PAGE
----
(1-800-633-4227). TTY users should call 1-877-486-2048.

Medicare Coverage of Ambulance Services

Words in blue
are defined on
pages 13–14.

7

“Advance Beneficiary Notice of Noncoverage” (ABN) for non-emergency
transportation
When you get ambulance services in a non-emergency situation, the
ambulance company considers whether the transportation may be
covered by Medicare. If the transportation would usually be covered,
but the ambulance company believes that Medicare may not pay for
your particular ambulance service because it isn’t medically reasonable
and necessary, it must give you an “Advance Beneficiary Notice of
Noncoverage” (ABN) in order to charge you for the service. ABNs have
option boxes that allow you to choose whether you want the service
and explain your responsibility to pay for the service. If you choose the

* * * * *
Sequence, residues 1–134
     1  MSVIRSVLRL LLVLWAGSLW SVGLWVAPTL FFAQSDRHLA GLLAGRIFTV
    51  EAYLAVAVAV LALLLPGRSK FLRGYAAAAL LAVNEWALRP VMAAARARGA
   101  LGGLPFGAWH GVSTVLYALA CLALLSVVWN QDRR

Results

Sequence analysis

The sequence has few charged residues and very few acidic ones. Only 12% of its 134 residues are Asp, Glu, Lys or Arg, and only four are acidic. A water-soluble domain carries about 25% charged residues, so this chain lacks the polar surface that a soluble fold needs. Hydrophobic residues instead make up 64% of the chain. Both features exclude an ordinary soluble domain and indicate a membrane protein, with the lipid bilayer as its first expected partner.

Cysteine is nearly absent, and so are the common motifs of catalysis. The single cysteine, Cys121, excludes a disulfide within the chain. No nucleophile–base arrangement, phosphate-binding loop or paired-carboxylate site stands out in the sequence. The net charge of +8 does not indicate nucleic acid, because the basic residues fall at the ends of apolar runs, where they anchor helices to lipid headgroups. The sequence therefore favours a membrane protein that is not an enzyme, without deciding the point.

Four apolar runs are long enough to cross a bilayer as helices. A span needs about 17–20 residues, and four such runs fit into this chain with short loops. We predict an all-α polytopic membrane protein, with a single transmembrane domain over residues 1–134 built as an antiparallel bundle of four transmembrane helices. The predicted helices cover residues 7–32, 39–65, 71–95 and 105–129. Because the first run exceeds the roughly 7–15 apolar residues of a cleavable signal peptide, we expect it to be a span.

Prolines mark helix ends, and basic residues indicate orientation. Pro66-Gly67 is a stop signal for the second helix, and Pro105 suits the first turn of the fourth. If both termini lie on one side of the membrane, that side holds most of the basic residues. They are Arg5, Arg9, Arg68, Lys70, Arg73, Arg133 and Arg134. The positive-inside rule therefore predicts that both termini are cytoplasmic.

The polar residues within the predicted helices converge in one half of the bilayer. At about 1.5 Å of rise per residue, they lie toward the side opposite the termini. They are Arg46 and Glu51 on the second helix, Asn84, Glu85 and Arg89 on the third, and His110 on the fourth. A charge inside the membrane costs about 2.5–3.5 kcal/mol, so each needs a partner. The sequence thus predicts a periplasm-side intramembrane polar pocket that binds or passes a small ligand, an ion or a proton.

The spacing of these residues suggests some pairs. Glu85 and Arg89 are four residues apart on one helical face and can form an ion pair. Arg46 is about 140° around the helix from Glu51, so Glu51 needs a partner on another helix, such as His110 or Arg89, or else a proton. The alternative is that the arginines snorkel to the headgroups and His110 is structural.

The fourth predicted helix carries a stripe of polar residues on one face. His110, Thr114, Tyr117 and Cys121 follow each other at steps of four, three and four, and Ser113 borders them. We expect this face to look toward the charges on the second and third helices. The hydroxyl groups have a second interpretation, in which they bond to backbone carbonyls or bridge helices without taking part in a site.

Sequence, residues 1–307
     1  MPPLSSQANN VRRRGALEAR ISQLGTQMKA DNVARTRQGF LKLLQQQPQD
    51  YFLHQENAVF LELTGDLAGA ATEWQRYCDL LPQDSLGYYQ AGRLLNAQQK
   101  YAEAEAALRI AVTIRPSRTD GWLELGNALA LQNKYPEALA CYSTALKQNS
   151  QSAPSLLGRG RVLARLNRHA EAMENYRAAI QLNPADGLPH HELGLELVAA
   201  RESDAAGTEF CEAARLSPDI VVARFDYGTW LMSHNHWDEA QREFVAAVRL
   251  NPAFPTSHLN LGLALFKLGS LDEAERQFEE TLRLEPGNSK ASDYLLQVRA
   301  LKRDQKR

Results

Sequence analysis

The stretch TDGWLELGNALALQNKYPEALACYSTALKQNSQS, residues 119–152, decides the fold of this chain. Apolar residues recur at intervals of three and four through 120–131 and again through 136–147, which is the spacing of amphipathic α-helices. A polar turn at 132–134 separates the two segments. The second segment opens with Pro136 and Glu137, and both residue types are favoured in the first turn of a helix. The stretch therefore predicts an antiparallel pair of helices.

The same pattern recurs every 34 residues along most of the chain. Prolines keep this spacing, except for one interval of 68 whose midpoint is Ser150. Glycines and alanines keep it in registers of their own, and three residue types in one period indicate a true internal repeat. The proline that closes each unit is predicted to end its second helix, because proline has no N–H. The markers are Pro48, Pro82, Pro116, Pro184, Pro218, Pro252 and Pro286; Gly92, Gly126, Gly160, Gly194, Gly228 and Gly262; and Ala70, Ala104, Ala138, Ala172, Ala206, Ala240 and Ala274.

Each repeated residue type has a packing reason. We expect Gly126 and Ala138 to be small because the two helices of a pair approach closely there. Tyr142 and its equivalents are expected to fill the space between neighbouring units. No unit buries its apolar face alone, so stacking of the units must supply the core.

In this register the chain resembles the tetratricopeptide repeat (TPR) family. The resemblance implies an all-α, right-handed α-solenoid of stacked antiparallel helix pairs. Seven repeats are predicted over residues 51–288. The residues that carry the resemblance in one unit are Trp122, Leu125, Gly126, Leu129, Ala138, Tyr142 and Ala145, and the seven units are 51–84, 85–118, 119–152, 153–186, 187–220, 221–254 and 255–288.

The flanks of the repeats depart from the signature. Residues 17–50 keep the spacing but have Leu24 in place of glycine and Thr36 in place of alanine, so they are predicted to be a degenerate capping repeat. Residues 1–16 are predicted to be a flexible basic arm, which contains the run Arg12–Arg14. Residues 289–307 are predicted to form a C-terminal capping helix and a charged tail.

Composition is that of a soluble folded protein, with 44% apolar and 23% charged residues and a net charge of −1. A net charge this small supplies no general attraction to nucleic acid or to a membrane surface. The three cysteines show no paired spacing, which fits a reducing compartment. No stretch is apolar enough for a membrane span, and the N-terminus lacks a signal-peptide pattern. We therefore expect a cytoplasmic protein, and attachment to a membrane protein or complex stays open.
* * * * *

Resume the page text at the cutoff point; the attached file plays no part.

option box indicating that you want and will pay for the service, and
you sign the ABN, you’re responsible for paying if Medicare doesn’t
pay. The ambulance provider may ask you to pay at the time of service.
Example: Mr. Smith is a hospital inpatient and needs to travel to
a different hospital for a special procedure that can’t be done in
the hospital where he was admitted. Mr. Smith requires ground
ambulance transportation because of his medical conditions, but he
asks to be transported by air
ambulance. Medicare will
cover the cost of the ground
ambulance transportation,
but won’t cover air ambulance
transportation because this
level of service isn’t medically
reasonable or necessary.
The ambulance company
must give Mr. Smith an
ABN before transporting
him by air ambulance or the
ambulance company will be
responsible for any costs over
the amount that would’ve
been paid for ground
ambulance transportation.

8

Medicare Coverage of Ambulance Services

If you’re in a situation that requires an ambulance company
to give you an “Advance Beneficiary Notice of Noncoverage”
(ABN) and you refuse to sign it, the ambulance company will